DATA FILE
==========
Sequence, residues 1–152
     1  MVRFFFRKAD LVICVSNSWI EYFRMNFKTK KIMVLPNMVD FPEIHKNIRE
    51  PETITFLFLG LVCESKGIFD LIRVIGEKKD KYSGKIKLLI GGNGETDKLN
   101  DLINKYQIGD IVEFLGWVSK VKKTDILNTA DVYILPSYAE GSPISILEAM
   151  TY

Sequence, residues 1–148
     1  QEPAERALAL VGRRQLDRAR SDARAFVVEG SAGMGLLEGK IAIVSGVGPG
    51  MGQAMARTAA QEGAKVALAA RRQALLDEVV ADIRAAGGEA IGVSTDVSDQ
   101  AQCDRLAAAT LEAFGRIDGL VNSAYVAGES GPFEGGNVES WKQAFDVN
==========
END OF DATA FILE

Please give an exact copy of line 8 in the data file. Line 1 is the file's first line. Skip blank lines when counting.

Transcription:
    51  MGQAMARTAA QEGAKVALAA RRQALLDEVV ADIRAAGGEA IGVSTDVSDQ